Misdiagnosis of Endometriosis and its Lasting Impact on Women

Endometriosis is a condition where the tissue normally found in the womb grows elsewhere inside the body. Women may experience tissue growth on their pelvis, their bladder, and even their lungs, all which cause an array of uncomfortable and debilitating pain. The health condition takes place in one in ten women, and a staggering 2 million women in the UK alone. But despite how prevalent the disease is, it is still one of the most commonly misdiagnosed among women who are of reproductive age. Endometriosis Awareness Month is meant to reduce this unfortunate reality for all women.

During the month of March, endometriosis organisations, women of all ages, and medical communities band together to bring about a greater understanding of the disease. Such a large undertaking from many varied groups is necessary in an effort to educate individuals about the growing concerns over endometriosis stigma and the misdiagnosis that goes hand in hand. Without a proper course of treatment on the back of an accurate diagnosis, women living with endometriosis feel helpless and unheard which can, ultimately, worsen their condition. To help alleviate the stress surrounding endometriosis, it is necessary to understand why it is so often misdiagnosed and what can be done to correct the issue.

Why the Misdiagnosis?

The tissue growth found in women living with endometriosis can have a lasting impact on health and well-being, most often presenting as severe pain during sex, menstruation, or persistently throughout the day. Many women with endometriosis also experience fatigue and exhaustion that cannot otherwise be explained, which can by itself be debilitating. It is common for women with endometriosis to make gradual lifestyle changes due to their condition, including minimising time outside the home, avoiding social activities, and drastically reducing their physical activity. Some may also be forced to leave the workforce because of the unpredictability of their symptoms.

In the worst cases of endometriosis, women experience ongoing depression and anxiety. Part of this is due to the common plight of receiving an incorrect diagnosis from the start. For years, endometriosis was ignored as a real health condition and instead viewed as a mental health issue among women. The severity of their pain and the fatigue and depression that came along with it were said to be in their heads, and therefore, no course of treatment was recommended.

For other women, endometriosis symptoms were pegged as another health condition altogether. The pain they felt during sex was linked to sexually transmitted infections, or the food sensitivity they experienced was irritable bowel syndrome. On average, receiving a correct diagnosis of endometriosis takes more than eight years, allowing the disease to worsen and women suffering from it feeling less than hopeful about their future.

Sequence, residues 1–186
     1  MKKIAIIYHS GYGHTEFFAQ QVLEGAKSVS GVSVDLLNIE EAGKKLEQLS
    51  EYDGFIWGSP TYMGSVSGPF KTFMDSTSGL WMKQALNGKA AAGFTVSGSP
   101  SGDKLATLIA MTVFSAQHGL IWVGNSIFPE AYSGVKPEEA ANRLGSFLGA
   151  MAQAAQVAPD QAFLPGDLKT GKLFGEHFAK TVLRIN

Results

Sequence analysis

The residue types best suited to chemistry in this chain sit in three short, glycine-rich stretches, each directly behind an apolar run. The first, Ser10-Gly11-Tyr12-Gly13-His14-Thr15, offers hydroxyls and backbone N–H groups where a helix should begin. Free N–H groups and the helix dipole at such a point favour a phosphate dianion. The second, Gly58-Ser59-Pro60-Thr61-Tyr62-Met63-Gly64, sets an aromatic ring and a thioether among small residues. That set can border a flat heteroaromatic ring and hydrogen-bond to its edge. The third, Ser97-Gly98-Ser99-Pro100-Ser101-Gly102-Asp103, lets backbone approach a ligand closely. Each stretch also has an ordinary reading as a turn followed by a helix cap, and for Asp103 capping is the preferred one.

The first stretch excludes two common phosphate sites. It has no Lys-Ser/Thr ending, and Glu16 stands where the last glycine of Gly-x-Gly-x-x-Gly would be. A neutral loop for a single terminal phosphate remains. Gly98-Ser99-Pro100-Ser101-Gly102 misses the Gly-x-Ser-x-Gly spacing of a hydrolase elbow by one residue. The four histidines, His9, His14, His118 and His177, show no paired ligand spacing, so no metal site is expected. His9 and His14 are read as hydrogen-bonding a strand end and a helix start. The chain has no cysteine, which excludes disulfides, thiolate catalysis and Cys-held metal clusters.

The reason misdiagnosis is so common can be connected to the lack of training needed by medical professionals to properly identify and diagnose the disease. While routine pelvic exams and ultrasounds are often part of a well woman’s visit, they are not enough to clearly view tissue growth of endometriosis. It is only through laparoscopy that the disease can be identified.

Unfortunately, many GPs are not experienced in performing the procedure, nor are they comfortable with removing the tissue growth when it is discovered. Endometriosis specialists exist in the healthcare world, but to get to them, women must receive a referral from their primary care provider. When there is an overwhelming school of thought that endometriosis is not the culprit, that referral may never come. This leaves women without a course of treatment that is beneficial in reducing symptoms and keeping further tissue growth at bay.

Support Efforts for Women with Endometriosis

There have been several improvements in the medical arena surrounding endometriosis diagnosis and treatment, including a ramp-up in the number of doctors trained to perform the specialised procedure to discover tissue growth. However, more research is necessary to help uncover a cure and more impactful treatment for endometriosis. Unfortunately, the prevalence of the disease has not yet warranted an increase in research funding, unlike other common health conditions like diabetes and heart disease. Endometriosis Awareness Month is meant to increase knowledge of the disease and in-turn, increase fundraising for much-needed research efforts.

For those who want to get involved in Endometriosis Awareness Month, the task is simple. Visiting a charitable organisation like Endometriosis UK offers invaluable tools for women living with endometriosis and those who want to support them. Local community events focused on education and fundraising, support groups, and current research efforts may all be found on the site, along with easy ways to contribute to the cause.

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